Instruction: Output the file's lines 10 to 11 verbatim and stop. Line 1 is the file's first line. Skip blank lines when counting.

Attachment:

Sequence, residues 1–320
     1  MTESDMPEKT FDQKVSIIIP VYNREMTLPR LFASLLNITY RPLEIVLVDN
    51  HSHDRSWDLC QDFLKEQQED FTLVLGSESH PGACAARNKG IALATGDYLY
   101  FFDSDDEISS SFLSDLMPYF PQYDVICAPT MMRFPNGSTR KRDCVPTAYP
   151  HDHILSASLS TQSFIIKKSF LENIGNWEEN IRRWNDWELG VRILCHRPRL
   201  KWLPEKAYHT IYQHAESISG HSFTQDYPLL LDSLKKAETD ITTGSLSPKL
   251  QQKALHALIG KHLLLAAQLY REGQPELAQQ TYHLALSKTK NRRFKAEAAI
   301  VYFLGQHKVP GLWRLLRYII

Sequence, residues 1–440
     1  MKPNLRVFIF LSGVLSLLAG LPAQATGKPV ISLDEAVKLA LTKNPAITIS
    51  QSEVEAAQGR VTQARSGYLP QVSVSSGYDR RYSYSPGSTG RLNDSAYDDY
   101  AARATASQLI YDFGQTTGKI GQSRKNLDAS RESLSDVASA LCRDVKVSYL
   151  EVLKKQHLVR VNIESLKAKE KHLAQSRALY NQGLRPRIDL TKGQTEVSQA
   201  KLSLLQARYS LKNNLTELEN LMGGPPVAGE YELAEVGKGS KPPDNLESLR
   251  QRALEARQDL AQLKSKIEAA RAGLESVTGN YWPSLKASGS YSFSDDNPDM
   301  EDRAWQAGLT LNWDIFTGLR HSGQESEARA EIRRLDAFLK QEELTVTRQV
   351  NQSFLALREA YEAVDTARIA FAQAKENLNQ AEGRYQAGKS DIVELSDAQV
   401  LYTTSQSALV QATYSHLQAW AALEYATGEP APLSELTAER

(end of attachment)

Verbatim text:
     1  MKPNLRVFIF LSGVLSLLAG LPAQATGKPV ISLDEAVKLA LTKNPAITIS
    51  QSEVEAAQGR VTQARSGYLP QVSVSSGYDR RYSYSPGSTG RLNDSAYDDY